His Parents were quite decent people. Everyone in the neighborhood respected his parents a lot. Being a single child, he was pampered a lot. Most of the students are mesmerized with the arrival of the new thing in their new world. They get the taste of these new things in the hostel or when they are out of their house, they fall into the trap thinking that the world has so many things to enjoy.

Every day, Riki used to go out and people around him brought him home drunk. The year was lost in college. His father posted a letter with a medical certificate. His conditions worsened day by day. He was fully a drunkard. After some days, his drinking was to the brim and every day some strangers left him at home. He was submerged into alcohol. One day, when he was carried by some people, one of the persons knew his father. He told, “If you don’t mind, I would suggest you take him to Alcoholics Anonymous. His parents were really grateful to him who had shown him the path of spirituality. One day along with the man, I went to the centre. He told me, “You can buy the book from the centre. There are Twelve (12) steps originated by Alcoholics Anonymous that help world wide.
Riki told me, “I read those spiritual paths and liked very much.” The twelve steps are:
1. Honesty: After many years of denial, recovery begins when with simple admission of being powerless over alcohol—for alcoholics and their friends and family.
2. Faith: It seems to be spiritual truth that before a higher power, you must believe that it can.
3. Surrender: A lifetime of self will run riot come to a screeching halt and change forever by making a simple decision to turn it all over to higher power.
4. Soul searching: 12 step recovery programmes is a process not an event.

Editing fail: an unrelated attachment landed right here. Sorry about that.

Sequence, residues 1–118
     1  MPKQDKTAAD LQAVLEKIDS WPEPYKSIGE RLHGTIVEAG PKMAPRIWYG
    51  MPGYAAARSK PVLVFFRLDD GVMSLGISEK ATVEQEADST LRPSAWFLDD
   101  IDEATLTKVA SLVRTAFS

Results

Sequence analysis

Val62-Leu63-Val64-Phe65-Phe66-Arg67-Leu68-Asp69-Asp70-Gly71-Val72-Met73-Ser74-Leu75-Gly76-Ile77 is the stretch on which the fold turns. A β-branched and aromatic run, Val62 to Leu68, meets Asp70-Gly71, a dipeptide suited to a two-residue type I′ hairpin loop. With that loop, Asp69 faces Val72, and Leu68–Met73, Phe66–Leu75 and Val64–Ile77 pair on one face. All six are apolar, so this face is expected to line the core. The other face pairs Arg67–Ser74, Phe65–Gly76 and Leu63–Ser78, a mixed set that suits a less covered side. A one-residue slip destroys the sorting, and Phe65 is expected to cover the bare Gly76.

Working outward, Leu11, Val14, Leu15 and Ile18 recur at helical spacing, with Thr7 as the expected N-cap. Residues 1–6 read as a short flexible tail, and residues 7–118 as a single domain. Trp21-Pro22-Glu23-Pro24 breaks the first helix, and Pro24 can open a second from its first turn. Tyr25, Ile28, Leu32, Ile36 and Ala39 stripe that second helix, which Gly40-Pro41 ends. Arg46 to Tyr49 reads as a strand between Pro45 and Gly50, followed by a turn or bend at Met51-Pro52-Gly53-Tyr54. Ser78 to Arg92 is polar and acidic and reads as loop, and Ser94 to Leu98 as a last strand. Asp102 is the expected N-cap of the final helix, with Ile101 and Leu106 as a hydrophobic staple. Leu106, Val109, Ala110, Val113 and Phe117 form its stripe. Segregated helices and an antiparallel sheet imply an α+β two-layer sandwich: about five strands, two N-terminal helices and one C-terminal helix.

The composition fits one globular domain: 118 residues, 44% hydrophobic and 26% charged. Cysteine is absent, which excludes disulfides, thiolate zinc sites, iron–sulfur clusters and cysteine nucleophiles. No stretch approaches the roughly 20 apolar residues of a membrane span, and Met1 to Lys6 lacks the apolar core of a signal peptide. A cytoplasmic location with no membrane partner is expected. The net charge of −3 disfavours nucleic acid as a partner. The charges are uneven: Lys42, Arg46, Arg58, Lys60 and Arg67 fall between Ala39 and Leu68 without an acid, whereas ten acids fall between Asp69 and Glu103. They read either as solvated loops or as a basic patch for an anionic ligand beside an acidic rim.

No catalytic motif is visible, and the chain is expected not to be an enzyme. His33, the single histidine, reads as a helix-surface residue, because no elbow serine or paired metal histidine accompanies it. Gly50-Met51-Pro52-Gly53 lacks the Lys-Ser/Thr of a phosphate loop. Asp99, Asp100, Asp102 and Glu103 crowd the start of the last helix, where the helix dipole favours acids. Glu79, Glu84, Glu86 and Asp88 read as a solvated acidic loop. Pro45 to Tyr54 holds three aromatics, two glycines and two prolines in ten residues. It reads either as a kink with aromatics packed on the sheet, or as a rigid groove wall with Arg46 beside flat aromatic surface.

5. Integrity: The most difficult step to face. It is one that provides the greatest opportunity for growth.
6. Acceptance: Accepting character defects exactly as they are and becoming entirely willing to let them go.
7. Humility: Asking the higher power to do something that cannot be done by self-will or mere determination.
8. Willingness: Making a list of those that harmed before coming into recovery may sound simple. Becoming willing to actually make those amends is the difficult part.
9. Forgiveness: It may be a bitter pill but those serious about recovery; it can be great medicine for spirit and soul.
10. Maintenance: Nobody likes to admit to being wrong. But it is absolutely necessary to maintain spiritual progress in recovery.
11. Making contact: It is to discover the plan of God as you understand Him has for your life.
12. Service: For those who are in recovery programme practicing step 12 is simple—how it works.

After reading these 12 points, I came to know that without a spiritual path nothing is possible. Indian philosophy says that it is the principle of Karma, which means the action one performs. That is any activity that a person performs with body, mind, and senses. The principle says that every action has a reaction. It means that for every action performed by a person, there is always a reaction.
I asked him, “What about your college and course?”
He answered, “After completing this course with Alcoholics Anonymous, my parents took me to Delhi, stayed with me for few days and I completed my course. After my exam, I returned to Missouri. One year, I worked in a local hotel. As my parents are very famous in Missouri, everyone in the hotel used to love me a lot.”
“Naturally, your parents are respectful persons in that small place.” I sighed with a loving look.
Riki continued, “Andaman is a new place for me but it’s fabulous. If you sit near the sea for some time, you will feel that God resides in this place. If you walk alone on the sea beach, you will feel that God is behind you walking along with you. If you want to meditate, this is the best place in the world. I think that is why Lokmanya Tilak wrote Gita Rahasya here in Andaman.